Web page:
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The Science Of Forgetfulness And 5 Tips For Better Memory

science of forgetfulness

We know the fact that memorization leads to a longer retention of knowledge. But it also leads to a superficial grasp of the material, information or subject you read. Due to this, we often struggle to find an effective strategy for better memory. And when we fail to do so, we blame ourselves for being ‘forgetful’. In other words, we think forgetting is our short-coming and a malfunction of our mind. On the contrary, the science of forgetfulness suggests otherwise.

However, new research in the dynamic field of neuroscience reveals quite contrary results. It highlights the critical role of strategies for better memory and makes a solid foundation of learning. Therefore, for a student to excel in his academics, it is necessary to follow certain steps. But before trying to expand the memory capacity, the process requires an understanding of the science of forgetting.

The Underlying Science Of Forgetfulness:

According to a recent article published in the journal Neuron, neurobiologists Paul Frankland and Blake Richards transformed the existing view of memory. Their theory suggests that forgetting is a part of the process of loss- a slow depletion of information-despite our crucial efforts to keep it. As per Blake and Paul, the role of memory is not just storing and recalling information but also to ‘optimize decision making’ according to the environment.

Hence according to this model of memory, forgetting is an evolutionary strategy. In other terms, it is a background process of memory that discards or eliminates those chunks of stored information which doesn’t complement the survival of the human species. 

To quote Blake and Frankland “From this perspective, forgetting is not necessarily a failure of memory. In contrast, it may better be represented as an investment in a more optimal mnemonic strategy.”

The Forgetting Curve:

The science of forgetfulness suggests an activity to make you understand your brain better. Imagine your memory as a network of an interconnected overlay of spiderwebs instead of a library full of books (information). In those spiderwebs, there are several strands of recollection distributed among a number of neurons of your brain. Whenever we learn something new-learning to solve a math problem, for example-new neural connections forms. Thus, converting our experience into memory.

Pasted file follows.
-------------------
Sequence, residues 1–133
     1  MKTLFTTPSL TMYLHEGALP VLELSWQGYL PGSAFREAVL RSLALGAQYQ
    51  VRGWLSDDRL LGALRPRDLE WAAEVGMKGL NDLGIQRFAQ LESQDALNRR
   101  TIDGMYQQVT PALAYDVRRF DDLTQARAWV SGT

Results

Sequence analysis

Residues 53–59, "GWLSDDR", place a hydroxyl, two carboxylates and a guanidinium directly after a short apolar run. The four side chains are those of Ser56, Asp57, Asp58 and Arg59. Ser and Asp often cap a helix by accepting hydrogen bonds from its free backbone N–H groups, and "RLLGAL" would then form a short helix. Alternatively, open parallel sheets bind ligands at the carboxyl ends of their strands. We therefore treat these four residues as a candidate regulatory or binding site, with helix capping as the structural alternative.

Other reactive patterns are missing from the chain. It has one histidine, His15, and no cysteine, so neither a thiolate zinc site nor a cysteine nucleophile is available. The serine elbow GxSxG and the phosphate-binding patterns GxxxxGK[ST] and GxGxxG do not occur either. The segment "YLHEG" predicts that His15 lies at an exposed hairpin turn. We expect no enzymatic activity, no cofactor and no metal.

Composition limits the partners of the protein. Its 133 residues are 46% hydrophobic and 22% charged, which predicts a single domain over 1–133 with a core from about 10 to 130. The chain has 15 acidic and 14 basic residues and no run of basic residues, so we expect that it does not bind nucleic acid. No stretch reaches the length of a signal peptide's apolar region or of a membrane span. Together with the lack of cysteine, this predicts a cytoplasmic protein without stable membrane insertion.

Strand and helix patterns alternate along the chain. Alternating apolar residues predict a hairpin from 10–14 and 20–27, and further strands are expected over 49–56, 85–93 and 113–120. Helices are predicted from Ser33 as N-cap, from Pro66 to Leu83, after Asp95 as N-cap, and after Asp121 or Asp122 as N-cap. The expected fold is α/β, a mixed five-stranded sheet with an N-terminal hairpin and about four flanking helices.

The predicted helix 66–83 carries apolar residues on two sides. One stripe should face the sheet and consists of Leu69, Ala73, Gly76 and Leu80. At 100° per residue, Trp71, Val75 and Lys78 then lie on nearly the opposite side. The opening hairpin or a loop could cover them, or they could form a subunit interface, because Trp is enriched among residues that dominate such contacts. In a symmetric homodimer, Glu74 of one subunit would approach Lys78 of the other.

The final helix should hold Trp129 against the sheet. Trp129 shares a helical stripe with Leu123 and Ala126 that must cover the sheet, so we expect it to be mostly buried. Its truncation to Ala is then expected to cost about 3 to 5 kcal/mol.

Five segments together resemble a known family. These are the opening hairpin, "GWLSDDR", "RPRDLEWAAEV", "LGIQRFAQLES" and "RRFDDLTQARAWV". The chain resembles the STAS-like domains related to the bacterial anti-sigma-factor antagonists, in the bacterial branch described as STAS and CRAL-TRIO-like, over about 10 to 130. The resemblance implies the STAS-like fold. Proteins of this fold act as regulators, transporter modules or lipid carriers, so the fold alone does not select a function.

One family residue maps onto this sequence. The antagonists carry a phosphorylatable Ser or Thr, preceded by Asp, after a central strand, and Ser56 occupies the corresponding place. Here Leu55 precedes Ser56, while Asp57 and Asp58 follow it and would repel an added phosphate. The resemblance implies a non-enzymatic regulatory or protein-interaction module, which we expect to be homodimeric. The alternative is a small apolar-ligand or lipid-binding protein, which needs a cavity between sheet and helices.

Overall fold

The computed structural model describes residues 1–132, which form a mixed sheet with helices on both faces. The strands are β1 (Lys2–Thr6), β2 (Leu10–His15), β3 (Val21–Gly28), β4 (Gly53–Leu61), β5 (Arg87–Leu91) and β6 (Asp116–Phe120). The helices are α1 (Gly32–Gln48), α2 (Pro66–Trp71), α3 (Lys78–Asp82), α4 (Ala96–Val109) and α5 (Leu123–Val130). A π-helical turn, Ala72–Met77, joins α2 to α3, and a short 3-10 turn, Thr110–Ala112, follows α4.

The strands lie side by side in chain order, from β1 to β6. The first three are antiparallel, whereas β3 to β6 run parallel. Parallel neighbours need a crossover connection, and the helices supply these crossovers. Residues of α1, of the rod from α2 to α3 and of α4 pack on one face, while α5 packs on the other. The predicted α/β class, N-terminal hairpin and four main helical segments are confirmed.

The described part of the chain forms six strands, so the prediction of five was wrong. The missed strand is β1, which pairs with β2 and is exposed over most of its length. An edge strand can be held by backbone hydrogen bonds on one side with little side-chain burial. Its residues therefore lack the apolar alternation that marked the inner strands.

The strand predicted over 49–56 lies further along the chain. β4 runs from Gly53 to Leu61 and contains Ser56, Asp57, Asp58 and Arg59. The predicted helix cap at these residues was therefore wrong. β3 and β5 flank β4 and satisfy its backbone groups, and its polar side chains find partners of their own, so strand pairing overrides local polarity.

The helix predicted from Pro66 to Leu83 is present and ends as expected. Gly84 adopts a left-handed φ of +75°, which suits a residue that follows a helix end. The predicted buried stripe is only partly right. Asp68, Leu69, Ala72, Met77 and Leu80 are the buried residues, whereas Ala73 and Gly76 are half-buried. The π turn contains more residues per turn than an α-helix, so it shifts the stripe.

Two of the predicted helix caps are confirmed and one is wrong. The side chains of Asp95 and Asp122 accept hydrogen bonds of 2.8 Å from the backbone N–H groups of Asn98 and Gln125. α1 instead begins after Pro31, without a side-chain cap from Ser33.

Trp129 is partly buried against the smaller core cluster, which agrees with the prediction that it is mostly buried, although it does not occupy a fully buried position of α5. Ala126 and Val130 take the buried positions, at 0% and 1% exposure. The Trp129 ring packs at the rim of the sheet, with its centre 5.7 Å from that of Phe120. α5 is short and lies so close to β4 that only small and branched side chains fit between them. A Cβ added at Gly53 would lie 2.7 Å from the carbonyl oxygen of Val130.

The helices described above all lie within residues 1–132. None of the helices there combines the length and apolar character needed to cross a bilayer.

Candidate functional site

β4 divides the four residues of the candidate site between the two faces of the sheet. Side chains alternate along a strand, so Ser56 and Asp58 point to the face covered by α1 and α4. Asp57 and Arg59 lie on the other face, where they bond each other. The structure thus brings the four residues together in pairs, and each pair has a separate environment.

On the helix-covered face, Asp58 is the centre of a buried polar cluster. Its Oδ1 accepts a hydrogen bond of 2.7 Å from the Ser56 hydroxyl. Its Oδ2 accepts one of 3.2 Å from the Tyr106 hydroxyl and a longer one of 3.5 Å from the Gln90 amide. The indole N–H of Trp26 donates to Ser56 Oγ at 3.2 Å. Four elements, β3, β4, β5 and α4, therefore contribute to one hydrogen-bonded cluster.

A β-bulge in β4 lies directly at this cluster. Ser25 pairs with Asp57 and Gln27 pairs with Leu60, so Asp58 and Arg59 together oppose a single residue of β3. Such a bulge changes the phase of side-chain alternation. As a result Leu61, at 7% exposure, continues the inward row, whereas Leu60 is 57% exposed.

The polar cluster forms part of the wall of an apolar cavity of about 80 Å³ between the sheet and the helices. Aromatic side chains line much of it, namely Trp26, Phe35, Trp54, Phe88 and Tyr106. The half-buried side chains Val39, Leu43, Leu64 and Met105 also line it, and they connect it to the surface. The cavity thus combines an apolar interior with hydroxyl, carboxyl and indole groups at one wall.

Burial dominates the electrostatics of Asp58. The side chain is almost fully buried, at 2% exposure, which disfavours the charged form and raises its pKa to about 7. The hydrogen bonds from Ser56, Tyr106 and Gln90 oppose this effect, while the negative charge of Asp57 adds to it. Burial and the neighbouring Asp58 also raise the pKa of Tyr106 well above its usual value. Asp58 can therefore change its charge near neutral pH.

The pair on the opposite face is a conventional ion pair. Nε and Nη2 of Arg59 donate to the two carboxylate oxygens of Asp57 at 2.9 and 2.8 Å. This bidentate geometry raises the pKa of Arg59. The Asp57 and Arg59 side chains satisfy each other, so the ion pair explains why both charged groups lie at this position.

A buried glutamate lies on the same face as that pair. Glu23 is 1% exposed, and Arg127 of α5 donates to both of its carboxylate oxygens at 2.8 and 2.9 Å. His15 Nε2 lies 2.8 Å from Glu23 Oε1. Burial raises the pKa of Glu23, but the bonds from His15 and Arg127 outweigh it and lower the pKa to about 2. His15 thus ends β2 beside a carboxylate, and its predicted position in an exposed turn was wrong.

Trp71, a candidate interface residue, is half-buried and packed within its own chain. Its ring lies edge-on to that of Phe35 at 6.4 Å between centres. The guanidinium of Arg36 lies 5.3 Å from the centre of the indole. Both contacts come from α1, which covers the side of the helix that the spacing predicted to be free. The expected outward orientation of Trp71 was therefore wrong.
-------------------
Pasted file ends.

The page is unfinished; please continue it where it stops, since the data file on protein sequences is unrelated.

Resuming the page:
In the 1880s psychologist, Hermann Ebbinghaus performed a ground-breaking study in the field of psychology, memory retention and learning. He termed it ‘the forgetting curve’ which explains how much we forget over a period of time. He discovered that with no reinforcement to prior connections, information slowly washes away from our mind. In figures, we lose roughly 56 percent of the information in the first hour, 66 percent in the following day and around 75 percent over a span of six days!

This discovery might have amazed you and also intrigued you about the steps we can take to improve memory. However, after all these evolutionary years of development, we don’t have neatly aligned techniques that foster strong memory. Therefore, research-backed strategies must be included in the education curriculum. They will surely help students develop a mind that retains information.

Memory persistence And Its Connection With Science Of Forgetfulness:

Several researchers have found that the same neural circuitry occurs in remembering and forgetting. Hence, if students and teachers properly understand this, they can reinforce their memory and prevent memory leaks.

A team of neuroscientists from MIT, led by Robert Cho explained the science behind synaptic strengthening in a 2015 article published in Neuron. They suggested that during the frequent firing of the neurons, synaptic strengthening takes place in those neurons. And the opposite is true for neurons that are seldom fired.